By Monica Alonzo
By Stephen Lemons
By Jason P. Woodbury
By Dulce Paloma Baltazar Pedraza
By Ray Stern
By Pete Kotz
By Monica Alonzo
By New Times
The judge brings that same informality to tonight's proceedings, treating each of the prisoners civilly, and making the process more personal by addressing most by their first names.
Still, there's little time for social niceties. Each of the sixty prisoners in this criminal-justice assembly line stands before him for less than two minutes. A few prisoners want to plead guilty and immediately get sentenced, but this is not a place to plead to anything.
"I don't expect to hear you tell me your life story here," LoBue warns the prisoners. "Let's just keep this show moving."
Like several other attorneys in town, LoBue holds down a number of different jobs within the criminal justice system to make a living. He's also a part-time municipal judge and spent Christmas morning running a court session. (See accompanying story.) For him, that means an unorthodox schedule and the ability to sleep whenever he can.
The unmarried jurist is quite used to it by now. "My neighbors think I'm weird, coming and going at all hours," he says, "but that's the way it goes. It helps to be single in this job. I have a lot of energy and that helps, too."
The first case he calls is that of Brenda, a haggard, middle-aged woman who's been arrested for failing to appear in court on earlier bad-check charges. Brenda knows the game, which includes at least feigning respect for the court. LoBue sets her bond at $137.
The second prisoner is a longhaired blond youth named Brian who's been busted for possession of marijuana. "You don't have an address?" LoBue asks Brian after rummaging through some paperwork. Brian shakes his head. Bond is set at $411.
"I will not be released because I have nowhere to go," the forlorn boy tells the judge. "Happy holidays."
"Same to you, Brian," LoBue replies.
Prisoners come and go so quickly in I.A. Court that their cases blur into each other. There's an enormously muscled Japanese guy with a tattoo of a human skull on one arm who's been arrested for several violent felonies; an accused burglar wearing a "Black by Popular Demand" sweat shirt; a tearful lady who claims she'd been a few minutes late for court and was arrested for failure to appear; and a fellow wanted in Yarnell for failing to show up on several driving-related charges.
"Sir, you are wanted by Judge Hanger," LoBue tells the man. "Judge Hanger. I love that name."
With some, Judge LoBue is unyielding. A middle-aged man named Ronald shakes his head angrily as the judge reads from his arrest sheet. He's accused of assaulting his daughter and two cops. LoBue sets bail at $2,740 and orders Ronald not to go near his daughter's home, where the brouhaha allegedly occurred.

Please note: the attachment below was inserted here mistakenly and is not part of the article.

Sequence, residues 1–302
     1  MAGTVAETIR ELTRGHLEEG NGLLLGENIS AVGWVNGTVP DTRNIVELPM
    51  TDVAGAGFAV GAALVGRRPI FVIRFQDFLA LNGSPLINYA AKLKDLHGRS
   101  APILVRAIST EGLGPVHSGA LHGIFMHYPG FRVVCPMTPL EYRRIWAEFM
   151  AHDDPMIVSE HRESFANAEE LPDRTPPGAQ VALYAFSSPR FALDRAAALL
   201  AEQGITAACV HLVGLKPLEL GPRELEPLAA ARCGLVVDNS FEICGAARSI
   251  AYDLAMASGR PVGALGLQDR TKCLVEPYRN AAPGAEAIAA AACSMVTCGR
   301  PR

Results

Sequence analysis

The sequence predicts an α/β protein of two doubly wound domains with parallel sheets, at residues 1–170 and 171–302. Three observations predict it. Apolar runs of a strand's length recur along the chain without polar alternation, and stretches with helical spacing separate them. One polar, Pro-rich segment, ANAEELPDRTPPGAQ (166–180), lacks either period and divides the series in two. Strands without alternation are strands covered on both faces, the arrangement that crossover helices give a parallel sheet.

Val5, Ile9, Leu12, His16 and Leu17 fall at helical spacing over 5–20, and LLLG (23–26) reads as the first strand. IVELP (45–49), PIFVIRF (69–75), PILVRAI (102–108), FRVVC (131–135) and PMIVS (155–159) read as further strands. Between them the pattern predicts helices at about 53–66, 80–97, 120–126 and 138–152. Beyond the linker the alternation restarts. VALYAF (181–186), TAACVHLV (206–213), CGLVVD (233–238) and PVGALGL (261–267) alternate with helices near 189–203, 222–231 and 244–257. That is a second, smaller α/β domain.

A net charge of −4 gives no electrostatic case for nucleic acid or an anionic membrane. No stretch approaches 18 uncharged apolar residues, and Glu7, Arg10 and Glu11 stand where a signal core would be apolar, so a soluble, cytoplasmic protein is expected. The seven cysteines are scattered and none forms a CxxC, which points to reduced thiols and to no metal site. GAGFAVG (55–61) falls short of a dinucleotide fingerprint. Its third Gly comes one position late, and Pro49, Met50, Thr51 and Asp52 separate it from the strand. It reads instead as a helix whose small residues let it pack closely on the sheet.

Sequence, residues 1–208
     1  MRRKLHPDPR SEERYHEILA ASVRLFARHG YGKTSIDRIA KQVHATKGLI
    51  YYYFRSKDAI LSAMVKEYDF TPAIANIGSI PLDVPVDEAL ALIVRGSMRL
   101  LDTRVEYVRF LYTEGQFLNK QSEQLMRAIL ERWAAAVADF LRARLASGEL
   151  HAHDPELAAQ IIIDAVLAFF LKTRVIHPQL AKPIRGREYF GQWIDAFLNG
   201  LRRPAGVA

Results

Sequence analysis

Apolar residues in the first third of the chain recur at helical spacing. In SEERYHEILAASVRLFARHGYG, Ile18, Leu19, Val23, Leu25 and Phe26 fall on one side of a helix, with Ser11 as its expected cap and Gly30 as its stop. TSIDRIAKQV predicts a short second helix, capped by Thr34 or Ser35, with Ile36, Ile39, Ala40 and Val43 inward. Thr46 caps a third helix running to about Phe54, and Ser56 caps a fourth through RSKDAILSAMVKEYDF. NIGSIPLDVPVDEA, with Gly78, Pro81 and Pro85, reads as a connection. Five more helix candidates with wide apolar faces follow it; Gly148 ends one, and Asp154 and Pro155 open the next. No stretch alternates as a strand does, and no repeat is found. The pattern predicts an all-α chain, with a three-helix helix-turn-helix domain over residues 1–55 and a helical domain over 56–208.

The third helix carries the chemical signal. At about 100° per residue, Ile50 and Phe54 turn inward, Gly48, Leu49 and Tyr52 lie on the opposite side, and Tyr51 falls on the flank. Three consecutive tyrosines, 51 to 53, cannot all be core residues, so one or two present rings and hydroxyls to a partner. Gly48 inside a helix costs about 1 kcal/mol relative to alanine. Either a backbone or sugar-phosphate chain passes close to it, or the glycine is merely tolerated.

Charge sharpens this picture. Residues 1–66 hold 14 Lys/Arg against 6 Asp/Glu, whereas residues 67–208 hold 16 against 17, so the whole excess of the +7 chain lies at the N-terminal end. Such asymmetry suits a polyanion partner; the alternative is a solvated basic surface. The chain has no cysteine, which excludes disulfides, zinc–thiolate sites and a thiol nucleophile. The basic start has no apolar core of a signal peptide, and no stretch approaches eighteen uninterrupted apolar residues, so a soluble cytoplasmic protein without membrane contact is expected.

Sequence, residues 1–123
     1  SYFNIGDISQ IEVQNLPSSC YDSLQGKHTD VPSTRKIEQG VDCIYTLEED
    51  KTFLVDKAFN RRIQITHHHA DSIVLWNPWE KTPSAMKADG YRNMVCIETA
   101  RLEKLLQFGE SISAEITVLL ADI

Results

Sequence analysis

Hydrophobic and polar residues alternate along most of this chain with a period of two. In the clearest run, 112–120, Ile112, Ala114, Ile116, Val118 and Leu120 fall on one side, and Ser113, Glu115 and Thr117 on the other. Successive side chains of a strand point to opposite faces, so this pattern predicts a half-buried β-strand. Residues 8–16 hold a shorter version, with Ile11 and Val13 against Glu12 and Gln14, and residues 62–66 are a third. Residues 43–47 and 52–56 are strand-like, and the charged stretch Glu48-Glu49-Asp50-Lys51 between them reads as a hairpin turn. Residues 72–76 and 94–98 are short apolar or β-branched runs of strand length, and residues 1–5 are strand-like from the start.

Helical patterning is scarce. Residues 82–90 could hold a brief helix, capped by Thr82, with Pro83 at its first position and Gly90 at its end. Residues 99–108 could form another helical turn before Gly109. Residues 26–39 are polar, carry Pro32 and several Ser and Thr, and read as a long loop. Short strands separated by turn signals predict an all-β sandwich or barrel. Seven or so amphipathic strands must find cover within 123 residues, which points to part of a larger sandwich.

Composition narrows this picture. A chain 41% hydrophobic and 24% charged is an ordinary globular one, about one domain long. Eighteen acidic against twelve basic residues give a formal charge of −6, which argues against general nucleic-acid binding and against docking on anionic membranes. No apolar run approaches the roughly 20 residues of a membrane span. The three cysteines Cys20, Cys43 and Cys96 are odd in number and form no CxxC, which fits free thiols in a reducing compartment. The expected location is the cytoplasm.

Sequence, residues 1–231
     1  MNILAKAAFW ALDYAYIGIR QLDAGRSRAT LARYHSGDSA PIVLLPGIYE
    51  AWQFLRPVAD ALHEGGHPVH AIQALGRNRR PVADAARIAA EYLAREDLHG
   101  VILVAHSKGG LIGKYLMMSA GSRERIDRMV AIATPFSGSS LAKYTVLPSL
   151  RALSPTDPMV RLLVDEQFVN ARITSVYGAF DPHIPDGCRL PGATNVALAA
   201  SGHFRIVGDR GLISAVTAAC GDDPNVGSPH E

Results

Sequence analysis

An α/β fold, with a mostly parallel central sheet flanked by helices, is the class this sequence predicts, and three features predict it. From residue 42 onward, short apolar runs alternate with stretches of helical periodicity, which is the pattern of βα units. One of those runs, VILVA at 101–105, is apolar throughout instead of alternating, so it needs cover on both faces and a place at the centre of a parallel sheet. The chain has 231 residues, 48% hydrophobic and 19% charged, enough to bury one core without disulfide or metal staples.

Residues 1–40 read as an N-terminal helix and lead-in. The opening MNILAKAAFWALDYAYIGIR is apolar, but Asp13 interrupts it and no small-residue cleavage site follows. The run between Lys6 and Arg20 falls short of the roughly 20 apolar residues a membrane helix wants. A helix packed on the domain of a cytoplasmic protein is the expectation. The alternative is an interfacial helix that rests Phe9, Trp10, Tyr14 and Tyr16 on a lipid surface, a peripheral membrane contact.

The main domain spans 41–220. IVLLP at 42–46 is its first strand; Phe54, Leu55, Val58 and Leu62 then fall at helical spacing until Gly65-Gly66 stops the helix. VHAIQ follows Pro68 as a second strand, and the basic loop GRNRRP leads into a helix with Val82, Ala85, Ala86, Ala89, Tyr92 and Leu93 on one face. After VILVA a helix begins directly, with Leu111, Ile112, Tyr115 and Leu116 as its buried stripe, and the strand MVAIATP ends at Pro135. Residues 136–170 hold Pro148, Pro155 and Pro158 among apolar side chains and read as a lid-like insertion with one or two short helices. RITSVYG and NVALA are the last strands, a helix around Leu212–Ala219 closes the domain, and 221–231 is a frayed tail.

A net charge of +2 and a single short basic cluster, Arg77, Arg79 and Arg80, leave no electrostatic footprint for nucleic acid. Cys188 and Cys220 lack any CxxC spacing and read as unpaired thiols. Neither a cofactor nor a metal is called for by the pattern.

"How can I get my personal belongings from my daughter's apartment if I can't go there?" Ronald growls at the judge. "I want them. I believe these charges to be malicious prosecution."
The judge stares at him balefully.
With others he is much kinder. A South Phoenix man in his late fifties faces aggravated assault charges.
"What happened, Manuel?" the judge asks the man.
"My ex-girlfriend's boyfriend came to my house, and we got into it," he replies.
The judge releases Manuel on his own recognizance, despite the pretrial service interviewer's recommendation that bail be set. "If he comes back looking for you," LoBue advises the appreciative prisoner, "call the police. Don't go chasing him down the street."
Although he follows the interviewers' recommendations most of the time, LoBue occasionally makes his own call. In this instance, he explains his reasoning: "I could see from his file that he has no prior convictions, that he's lived in the same house for years, that he works for Garrett, and that the facts of the case aren't so cut-and-dried. That's what I get paid to notice. Hope I'm right."
LoBue also disregards a recommendation for bail in the case of a Phoenix mother of two whom police say cut her husband on the head with a knife.
"My husband has a drug problem," the woman tells LoBue.
"Where are you going to go, Jacqueline?" he asks her, after agreeing to release her on her own recognizance.
"To my mother's house," she whispers, before shuffling off in a tattered pair of pink slippers.
The night wears on. A black man holding a well-thumbed Bible approaches the bench.
"How can I fail to appear when I was already in custody?" he asks the judge with a rueful expression. "They never want to see me 'til I'm in jail."
LoBue nods and tells the man they'll probably scratch the case.
Next, LoBue takes a group that is particularly grouchy. These twenty prisoners are accused of violating parole, have been arrested on bench warrants or have had their probations revoked. None is eligible for release from jail, which explains the mood.
The only business LoBue has with these people is to give them their next court dates and to appoint lawyers, almost all from the public defender's office.
"I'm a baaaad girl," one woman from the group smirks at another after LoBue is done with her. A heavy-lidded young woman with a bouffant hairdo like the girl singers in the B-52's, Lisa has been caught with cocaine, just two months after being put on probation for the same offense. The detention officers escort her back to her cell.